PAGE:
One path to happiness is figuring out how the world works. Some Canadians are irritated that Catholics have their own school boards, and Jonquiere road signs are in French. There is deep-rooted justification for this, upheld by the Supreme Court many, many times. Mention the fact and you’ll draw a last cry of exasperation – “Well I still don’t like it!” – and the first glimmer of awareness that for everything there is a reason.
So authors Greg Poelzer and Ken Coates of the University of Saskatchewan observe that First Nations have rights rooted in law, and the sooner Canadians recognize the fact the better off we will be. From Treaty Peoples To Treaty Nation is a careful, concise account of the “Indian problem” written primarily for non-Aboriginal readers. Anybody is better for reading it.
Treaty Peoples is not a recitation of grievances. It seeks the light. “First Nations and Métis people in this country are facing serious, systematic and some would say intractable problems. Canadians hear about them often,” authors note. “But something vitally important is missing: there are profound reasons for optimism.”
The Territory of Nunavut was the world’s largest Aboriginal land claim. The Aboriginal Peoples Television Network is the world’s first broadcaster of its kind. Aboriginal art is prized. Forty-eight percent of Aboriginal people have post-secondary education, a higher rate than my hometown.
And yet –
When the authors wrote a 2012 Globe & Mail commentary detailing obvious problems with Canada’s treatment of First Nations and Métis, “We were taken aback by the vitriolic comments posted online,” write Poelzer and Coates. “Get a job”, wrote Globe readers; “Stop whining”; “Clean up your act – then we’ll talk”; “If I was allowed to live tax-free…yeah, I would feel disadvantaged, uh-huh.”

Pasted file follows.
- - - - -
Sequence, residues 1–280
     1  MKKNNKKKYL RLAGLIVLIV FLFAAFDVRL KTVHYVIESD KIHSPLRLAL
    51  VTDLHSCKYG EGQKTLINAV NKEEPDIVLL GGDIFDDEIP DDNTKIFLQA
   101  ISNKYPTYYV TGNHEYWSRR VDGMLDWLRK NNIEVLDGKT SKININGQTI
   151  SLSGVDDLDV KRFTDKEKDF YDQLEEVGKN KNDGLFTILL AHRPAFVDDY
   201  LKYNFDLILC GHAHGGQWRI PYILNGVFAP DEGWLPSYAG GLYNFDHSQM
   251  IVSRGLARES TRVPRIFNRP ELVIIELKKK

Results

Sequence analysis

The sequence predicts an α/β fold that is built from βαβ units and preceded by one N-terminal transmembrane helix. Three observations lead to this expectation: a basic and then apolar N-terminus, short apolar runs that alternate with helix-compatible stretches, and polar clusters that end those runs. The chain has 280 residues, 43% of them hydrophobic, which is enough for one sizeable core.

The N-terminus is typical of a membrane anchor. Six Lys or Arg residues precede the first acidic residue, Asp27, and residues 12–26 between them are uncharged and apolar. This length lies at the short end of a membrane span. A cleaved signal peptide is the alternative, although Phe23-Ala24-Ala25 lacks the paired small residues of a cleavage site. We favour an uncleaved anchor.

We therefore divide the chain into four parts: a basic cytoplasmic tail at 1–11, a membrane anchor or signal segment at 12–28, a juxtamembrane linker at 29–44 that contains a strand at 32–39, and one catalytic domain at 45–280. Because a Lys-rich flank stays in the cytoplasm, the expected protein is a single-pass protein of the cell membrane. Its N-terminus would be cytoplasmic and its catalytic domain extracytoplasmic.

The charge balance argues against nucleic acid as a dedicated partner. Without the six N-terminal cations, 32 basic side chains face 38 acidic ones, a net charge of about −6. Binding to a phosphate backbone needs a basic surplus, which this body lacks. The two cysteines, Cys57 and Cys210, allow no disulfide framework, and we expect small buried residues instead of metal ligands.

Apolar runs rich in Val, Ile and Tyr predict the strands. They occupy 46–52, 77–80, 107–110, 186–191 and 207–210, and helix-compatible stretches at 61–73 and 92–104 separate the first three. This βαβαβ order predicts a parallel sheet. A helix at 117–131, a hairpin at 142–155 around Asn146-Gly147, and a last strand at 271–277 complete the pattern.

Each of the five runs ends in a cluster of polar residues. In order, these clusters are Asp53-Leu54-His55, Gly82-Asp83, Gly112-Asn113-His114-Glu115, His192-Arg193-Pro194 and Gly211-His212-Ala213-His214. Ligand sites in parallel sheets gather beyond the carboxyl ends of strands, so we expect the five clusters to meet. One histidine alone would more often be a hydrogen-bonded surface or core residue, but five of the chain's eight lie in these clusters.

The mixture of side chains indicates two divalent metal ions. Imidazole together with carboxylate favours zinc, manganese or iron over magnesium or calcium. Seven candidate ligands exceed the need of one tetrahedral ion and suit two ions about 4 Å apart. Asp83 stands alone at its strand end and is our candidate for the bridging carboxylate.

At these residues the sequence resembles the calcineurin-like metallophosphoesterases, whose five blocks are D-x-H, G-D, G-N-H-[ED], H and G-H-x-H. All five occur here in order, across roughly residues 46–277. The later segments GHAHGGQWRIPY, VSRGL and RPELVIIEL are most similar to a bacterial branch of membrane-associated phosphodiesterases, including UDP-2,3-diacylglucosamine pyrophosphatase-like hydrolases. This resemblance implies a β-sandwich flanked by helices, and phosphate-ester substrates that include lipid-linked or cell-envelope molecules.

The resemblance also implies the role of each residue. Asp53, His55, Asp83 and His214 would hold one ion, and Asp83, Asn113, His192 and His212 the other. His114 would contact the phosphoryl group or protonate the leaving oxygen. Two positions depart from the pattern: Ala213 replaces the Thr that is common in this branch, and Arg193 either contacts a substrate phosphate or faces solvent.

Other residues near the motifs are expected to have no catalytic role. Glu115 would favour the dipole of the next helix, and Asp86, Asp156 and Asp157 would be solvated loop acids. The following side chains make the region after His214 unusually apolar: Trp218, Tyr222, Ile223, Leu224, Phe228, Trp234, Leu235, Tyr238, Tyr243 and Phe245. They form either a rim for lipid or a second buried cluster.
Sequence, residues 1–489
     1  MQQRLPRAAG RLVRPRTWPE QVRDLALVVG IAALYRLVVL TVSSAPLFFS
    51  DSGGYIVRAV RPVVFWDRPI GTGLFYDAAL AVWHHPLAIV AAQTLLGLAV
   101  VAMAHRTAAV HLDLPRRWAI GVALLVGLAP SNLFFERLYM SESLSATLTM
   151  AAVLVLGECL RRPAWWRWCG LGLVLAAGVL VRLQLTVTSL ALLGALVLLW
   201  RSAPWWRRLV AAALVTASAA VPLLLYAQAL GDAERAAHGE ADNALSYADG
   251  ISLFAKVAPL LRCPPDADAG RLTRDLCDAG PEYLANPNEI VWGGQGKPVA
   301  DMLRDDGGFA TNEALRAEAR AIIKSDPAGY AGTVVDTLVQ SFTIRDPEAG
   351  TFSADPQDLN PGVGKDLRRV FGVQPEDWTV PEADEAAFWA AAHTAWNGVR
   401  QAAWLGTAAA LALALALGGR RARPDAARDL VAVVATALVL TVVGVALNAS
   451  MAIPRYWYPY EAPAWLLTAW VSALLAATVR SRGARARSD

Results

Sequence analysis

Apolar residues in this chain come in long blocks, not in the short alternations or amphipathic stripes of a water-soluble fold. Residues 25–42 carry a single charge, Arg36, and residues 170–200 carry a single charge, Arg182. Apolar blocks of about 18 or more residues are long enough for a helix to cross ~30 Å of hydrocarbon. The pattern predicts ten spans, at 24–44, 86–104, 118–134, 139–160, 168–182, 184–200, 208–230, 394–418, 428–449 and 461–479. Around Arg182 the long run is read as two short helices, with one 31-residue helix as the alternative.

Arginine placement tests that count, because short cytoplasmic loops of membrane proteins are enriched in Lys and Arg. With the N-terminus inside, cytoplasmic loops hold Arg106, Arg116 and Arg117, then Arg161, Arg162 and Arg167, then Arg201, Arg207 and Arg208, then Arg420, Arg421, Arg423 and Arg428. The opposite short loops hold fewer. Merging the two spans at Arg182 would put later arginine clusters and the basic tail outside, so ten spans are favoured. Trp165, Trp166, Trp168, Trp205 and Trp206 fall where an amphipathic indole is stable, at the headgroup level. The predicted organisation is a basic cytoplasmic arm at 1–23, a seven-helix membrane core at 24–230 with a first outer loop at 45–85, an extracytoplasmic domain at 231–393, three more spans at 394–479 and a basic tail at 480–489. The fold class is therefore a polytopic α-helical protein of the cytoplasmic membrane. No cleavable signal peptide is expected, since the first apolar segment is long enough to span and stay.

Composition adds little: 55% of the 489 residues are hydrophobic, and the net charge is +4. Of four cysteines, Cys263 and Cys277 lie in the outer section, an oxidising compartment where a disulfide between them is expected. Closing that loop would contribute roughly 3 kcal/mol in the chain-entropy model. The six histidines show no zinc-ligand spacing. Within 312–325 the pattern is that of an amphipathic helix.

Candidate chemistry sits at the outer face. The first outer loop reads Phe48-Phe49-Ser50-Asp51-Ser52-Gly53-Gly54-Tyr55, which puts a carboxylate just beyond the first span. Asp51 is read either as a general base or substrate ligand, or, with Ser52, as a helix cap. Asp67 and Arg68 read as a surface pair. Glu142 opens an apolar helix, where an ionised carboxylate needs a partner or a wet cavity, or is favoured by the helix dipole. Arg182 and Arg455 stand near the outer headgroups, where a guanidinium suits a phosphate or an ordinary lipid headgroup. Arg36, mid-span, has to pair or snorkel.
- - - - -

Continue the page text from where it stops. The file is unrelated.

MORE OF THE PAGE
Treaty Peoples explains how our world works. Aboriginal rights are constitutional. The Supreme Court says so. “The learned justices are not making this stuff up!” authors explain.
Secondly, these rights have been breached by successive malicious and misguided governments. Aboriginals as late as 1959 could not vote. In 1927 they were banned from hiring their own litigators to challenge the Crown. Treaty Peoples condenses the entire history of the Department of Indian Affairs into a single, eloquent paragraph:
“The authorities’ goal was to assimilate Aboriginal people to European ways. It was believed they weren’t ready for it, so they were segregated from the rest of the Canadian population. This was not intended to be a permanent state of affairs, but rather a holding position until the educational and spiritual efforts of the state and its Christian partners could take full effect. Crucially, the Department of Indian Affairs was not an important government department. It attracted little national attention, save for occasional criticism for spending too much money.”
Treaty Peoples proposes solutions: self-government; a workable mechanism for quickly resolving land claims; student exchanges; and “a thousand acts of good will”, “spontaneous, individual, creative, heartfelt”.
At the root of 200 years of conflict is an arresting fact. Indians were not supposed to be here. “One of the strongest assumptions governing Aboriginal affairs in Canada, and the United States and Australia, was that Indigenous people would disappear,” authors write. “The logic seemed unassailable.”
Against all odds, they survived. Statistics Canada calculates within a generation they will number as many as 2.6 million people, and comprise more than a fifth of Manitoba and Saskatchewan.
They are here, they have rights, they are Canadians. Treaty Peoples is an honest attempt to explain the facts to Middle Canada, and perhaps point a way to happiness.
By Holly Doan
From Treaty Peoples To Treaty Nation, by Greg Poelzer and Ken S. Coates; University of British Columbia Press; 366 pages; ISBN 9780-7748-3087; $34.95